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References

  • Florida, R. (2005). The flight of the creative class. New York, NY: HarperCollins Publishers, Inc.
  • Friedman, T.L. (2005). The world is flat: A brief history of the twenty-first century. New York, NY: Farrar, Straus and Giroux.
  • Prestowitz, C. (2005). Three billion new capitalists: The great shift of wealth and power to the east. New York, NY: Basic Books.
  • Reports Reviewed
  • Achieve, Inc. and National Governors Association. (2005). America's high schools: The front line in the battle for our economic future. Washington, DC: Achieve, Inc. and National Governors Association.
  • Achieve, Inc. and National Governors Association. (2005). An action agenda for improving America's high schools. 2005 National Education Summit on High Schools. Washington, DC: Achieve, Inc. and National Governors Association.
  • Achieve, Inc. (2005). Rising to the challenge: Are high school graduates prepared for college and work? A Study of Recent High School Graduates, College Instructors, and Employers. Washington, DC: Peter D. Hart Research Associates/Public Opinion Strategies.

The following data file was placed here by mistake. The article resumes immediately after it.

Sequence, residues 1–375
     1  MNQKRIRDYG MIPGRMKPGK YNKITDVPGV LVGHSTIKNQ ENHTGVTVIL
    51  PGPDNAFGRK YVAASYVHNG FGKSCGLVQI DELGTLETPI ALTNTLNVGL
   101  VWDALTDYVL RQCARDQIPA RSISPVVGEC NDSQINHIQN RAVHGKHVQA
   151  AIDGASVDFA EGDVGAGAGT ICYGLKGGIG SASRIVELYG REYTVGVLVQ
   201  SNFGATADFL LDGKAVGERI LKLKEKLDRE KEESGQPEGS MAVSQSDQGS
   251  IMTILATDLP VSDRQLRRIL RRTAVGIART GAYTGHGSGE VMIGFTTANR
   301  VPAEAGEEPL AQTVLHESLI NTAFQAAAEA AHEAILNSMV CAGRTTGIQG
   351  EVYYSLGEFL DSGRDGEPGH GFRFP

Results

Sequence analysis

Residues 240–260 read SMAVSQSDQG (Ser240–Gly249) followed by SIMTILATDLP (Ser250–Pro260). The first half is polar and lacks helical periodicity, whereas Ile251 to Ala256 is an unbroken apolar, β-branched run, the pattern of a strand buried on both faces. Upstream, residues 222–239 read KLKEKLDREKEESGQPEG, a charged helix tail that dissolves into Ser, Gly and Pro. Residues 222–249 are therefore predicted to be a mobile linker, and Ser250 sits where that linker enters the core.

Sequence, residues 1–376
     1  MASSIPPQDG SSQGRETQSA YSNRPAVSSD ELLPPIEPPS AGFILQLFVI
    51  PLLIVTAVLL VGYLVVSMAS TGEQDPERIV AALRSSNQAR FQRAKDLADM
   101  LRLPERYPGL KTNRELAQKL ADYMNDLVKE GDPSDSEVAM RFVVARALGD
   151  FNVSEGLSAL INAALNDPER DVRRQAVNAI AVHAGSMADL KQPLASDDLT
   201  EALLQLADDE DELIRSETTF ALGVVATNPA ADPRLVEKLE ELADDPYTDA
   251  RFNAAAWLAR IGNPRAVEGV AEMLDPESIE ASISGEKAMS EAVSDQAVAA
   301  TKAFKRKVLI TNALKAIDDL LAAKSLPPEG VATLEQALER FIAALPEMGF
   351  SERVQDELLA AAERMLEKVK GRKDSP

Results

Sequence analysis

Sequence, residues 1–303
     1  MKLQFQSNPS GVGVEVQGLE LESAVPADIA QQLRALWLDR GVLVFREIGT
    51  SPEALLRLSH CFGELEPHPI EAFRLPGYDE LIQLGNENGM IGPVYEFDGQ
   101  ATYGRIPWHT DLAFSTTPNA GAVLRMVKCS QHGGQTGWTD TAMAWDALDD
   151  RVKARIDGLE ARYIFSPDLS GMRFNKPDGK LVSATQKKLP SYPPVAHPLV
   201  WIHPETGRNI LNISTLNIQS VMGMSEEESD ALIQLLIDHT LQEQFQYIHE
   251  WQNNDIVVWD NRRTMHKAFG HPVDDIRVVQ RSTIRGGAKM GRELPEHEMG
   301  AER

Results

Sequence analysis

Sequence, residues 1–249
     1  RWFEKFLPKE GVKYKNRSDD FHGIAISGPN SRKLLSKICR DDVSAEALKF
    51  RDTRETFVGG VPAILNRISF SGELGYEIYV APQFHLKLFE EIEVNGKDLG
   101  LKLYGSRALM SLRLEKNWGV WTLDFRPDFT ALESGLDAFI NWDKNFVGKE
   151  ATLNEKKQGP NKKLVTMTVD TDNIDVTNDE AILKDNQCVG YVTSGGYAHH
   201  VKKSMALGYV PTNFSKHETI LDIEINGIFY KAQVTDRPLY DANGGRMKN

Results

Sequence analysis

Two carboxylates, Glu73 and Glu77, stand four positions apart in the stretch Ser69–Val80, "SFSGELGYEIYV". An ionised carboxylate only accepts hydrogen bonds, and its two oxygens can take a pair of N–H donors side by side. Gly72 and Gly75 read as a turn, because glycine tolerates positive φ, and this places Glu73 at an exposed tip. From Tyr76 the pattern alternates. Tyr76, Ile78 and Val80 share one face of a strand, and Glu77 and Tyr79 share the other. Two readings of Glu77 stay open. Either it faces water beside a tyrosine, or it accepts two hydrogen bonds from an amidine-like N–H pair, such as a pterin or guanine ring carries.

• American Electronics Association (AEA). (2005). Losing the competitive advantage? The challenge for science and technology in the United States. Washington, DC: American Electronics Association (AEA).
  • Barton, P. (2002). Meeting the need for scientists, engineers, and an educated citizenry in a technological society. Princeton, NJ: Educational Testing Service.
  • Business-Higher Education Forum (BHEF). (2005). A commitment to America's future: Responding to the crisis in mathematics & science education.
  • Business-Higher Education Forum. (2005). Building a nation of learners: The need for changes in teaching and learning to meet global challenges.
  • Business Roundtable. (2005). Tapping America's potential: The education for innovation initiative. Washington, DC: Business Roundtable.
  • Coble, C. & Allen, M. (2005). Keeping America competitive: Five strategies to improve mathematics and science education. Denver, CO: Education Commission of the States.
  • Committee for Economic Development. (2003). Learning for the future: Changing the culture of math and science education to ensure a competitive workforce. New York, NY: Committee for Economic Development.
  • The Secretary's Commission on Achieving Necessary Skills (SCANS). (2000). Learning for a living: A blueprint for high performance. A SCANS Report for America 2000. Washington, DC: U.S. Department of Labor.
  • Task Force on the Future of American Innovation. The knowledge economy: Is the United States losing its competitive edge? Benchmarks of Our Innovation Future, February 16, 2005.